New Prison Rape Rules Don’t Yet Cover Immigrant Detention Sites


May 18, 2012

The Justice Department released new rules yesterday designed to curb sexual abuse in federal and state detention facilities, including stricter hiring requirements for guards, more gender-segregated conditions for detainees and an improved system for reporting incidents.

But the rules won’t immediately govern immigration detention facilities overseen by the Department of Homeland Security (DHS).

As we reported in last fall’s Lost in Detention, immigrants detained in such facilities filed more than 170 allegations of sexual abuse in the last four years, according to government documents obtained by FRONTLINE and the American Civil Liberties Union.

Under a presidential memorandum issued Thursday, the 2003 Prison Rape Elimination Act will be extended to all federal agencies that oversee detention facilities, including the DHS. The departments will have 120 days to propose their regulations that conform with the act, and an additional 240 days to finalize the new rules.

“By tasking the Department of Homeland Security (DHS) to promulgate its own PREA regulations, the administration has further delayed and left unclear whether hundreds of thousands of immigration detainees – overwhelmingly Latinos – who are annually confined in DHS detention facilities will receive adequate protection,” ACLU legislative counsel Joanne Lin said in a statement.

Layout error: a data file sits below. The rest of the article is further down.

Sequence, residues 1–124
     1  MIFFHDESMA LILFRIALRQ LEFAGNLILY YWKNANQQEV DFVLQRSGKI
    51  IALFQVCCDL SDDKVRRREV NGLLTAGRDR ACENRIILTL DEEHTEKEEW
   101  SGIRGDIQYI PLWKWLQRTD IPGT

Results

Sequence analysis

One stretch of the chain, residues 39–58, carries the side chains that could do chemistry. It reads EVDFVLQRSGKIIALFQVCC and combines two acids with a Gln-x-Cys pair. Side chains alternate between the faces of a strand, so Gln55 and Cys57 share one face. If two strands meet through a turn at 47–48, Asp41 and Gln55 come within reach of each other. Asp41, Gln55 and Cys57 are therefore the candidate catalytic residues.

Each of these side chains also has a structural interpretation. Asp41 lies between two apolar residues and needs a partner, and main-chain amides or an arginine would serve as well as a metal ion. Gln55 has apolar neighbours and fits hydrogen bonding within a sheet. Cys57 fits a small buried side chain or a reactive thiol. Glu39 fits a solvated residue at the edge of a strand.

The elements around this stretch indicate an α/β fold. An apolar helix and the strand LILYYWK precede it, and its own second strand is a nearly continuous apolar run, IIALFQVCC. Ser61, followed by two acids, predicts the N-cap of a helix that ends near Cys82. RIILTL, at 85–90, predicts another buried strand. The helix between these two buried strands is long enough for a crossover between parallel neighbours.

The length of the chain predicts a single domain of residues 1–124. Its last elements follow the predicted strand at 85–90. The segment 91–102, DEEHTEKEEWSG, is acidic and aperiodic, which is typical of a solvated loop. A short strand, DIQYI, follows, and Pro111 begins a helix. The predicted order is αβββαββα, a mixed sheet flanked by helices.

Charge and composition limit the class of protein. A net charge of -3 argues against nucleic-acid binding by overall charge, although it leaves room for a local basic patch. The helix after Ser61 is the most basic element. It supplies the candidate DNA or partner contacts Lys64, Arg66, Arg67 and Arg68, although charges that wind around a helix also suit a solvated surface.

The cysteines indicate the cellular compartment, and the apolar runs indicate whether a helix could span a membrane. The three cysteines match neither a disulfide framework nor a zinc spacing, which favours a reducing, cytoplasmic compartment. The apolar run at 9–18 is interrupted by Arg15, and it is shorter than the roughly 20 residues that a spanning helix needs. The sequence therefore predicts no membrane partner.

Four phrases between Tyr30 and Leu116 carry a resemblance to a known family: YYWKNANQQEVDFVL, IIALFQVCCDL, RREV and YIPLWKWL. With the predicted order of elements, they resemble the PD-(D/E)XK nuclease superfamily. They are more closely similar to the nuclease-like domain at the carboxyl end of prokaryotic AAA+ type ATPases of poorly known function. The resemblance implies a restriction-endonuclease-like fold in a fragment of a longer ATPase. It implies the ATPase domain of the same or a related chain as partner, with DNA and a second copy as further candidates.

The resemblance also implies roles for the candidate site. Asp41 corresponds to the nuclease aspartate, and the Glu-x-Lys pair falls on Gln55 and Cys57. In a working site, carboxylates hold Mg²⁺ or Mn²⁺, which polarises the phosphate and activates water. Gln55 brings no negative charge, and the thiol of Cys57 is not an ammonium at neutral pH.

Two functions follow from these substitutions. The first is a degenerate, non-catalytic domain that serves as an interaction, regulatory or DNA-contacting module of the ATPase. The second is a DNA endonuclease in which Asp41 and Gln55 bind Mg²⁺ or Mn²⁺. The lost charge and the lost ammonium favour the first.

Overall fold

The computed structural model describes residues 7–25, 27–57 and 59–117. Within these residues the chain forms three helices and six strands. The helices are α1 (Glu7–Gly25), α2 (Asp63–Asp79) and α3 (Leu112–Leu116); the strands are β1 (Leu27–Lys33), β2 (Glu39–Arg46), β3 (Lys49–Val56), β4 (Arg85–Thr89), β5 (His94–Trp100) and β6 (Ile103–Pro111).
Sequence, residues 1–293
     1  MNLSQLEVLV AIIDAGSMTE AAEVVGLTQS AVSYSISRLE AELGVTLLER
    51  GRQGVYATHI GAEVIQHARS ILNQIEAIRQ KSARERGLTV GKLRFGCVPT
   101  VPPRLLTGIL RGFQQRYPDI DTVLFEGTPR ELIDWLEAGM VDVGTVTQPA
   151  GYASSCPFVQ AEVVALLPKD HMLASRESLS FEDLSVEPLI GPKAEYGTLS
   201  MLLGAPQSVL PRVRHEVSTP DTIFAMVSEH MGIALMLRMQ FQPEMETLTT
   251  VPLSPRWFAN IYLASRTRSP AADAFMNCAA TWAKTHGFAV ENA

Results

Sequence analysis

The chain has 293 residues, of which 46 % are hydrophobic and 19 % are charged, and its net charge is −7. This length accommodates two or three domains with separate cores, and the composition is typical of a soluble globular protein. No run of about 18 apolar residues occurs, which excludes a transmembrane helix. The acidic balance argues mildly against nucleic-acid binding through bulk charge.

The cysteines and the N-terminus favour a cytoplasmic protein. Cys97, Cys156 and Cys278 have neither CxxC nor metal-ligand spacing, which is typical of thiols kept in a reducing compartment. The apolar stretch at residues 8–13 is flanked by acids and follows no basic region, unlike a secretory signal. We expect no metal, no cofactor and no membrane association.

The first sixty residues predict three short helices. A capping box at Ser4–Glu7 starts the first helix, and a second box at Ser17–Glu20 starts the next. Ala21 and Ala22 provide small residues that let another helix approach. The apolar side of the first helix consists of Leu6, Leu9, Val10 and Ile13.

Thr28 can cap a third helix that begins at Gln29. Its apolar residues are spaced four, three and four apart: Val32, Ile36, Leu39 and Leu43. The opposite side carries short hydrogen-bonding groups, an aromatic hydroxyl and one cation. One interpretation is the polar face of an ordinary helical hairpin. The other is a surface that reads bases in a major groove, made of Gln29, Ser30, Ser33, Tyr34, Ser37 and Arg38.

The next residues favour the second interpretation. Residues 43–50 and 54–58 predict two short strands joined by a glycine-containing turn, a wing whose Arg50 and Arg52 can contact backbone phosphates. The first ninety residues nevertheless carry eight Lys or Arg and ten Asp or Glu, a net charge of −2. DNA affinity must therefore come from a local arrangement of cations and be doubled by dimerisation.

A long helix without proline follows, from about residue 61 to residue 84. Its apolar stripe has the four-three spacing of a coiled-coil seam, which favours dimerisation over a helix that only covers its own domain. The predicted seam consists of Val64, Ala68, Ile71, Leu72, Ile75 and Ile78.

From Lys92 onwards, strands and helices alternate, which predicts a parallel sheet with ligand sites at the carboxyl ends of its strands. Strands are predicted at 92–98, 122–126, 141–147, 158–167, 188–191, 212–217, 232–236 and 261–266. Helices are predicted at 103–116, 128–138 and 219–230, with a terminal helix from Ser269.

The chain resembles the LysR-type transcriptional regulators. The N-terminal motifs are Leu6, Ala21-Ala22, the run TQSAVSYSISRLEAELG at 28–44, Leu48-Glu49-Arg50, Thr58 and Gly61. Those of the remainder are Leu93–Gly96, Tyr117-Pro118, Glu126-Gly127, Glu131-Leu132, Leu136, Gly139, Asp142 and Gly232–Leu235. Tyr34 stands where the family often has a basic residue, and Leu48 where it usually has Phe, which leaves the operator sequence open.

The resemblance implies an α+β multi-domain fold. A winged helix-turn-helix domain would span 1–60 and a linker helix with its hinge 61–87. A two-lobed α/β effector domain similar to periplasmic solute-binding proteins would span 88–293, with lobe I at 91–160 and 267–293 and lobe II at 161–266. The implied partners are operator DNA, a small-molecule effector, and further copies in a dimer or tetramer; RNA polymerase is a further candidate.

In an email, DHS Spokesman Peter Boogaard told FRONTLINE that the department “fully embraces” the act, and “looks forward to implementing PREA regulations that will govern DHS detention facilities and further our goal of preventing sexual abuse in confinement facilities.”

He added: “These regulations will build upon the substantial improvements we have made to agency policy and procedures to prevent, detect, and respond to sexual abuse in immigration detention. DHS will move swiftly to promulgate these regulations and will work with the Attorney General and others to ensure that the regulations satisfy the requirements of the statute.”

As FRONTLINE reported in Lost in Detention, immigrant detainees are in an especially precarious position because of their uncertain legal status. They don’t have access to legal counsel in these special facilities, which affords them less protection from abuse. And they may be more fearful of reporting sexual abuse due to the threat of deportation.

Earlier this year, the Government Accountability Office said it would investigate the issue following a request from 30 members of Congress, which cited Lost in Detention, and noted that because sexual abuse is often underreported, the problem is likely worse than the data suggests.

Sarah Childress

Sarah Childress, Series Senior Editor, FRONTLINE



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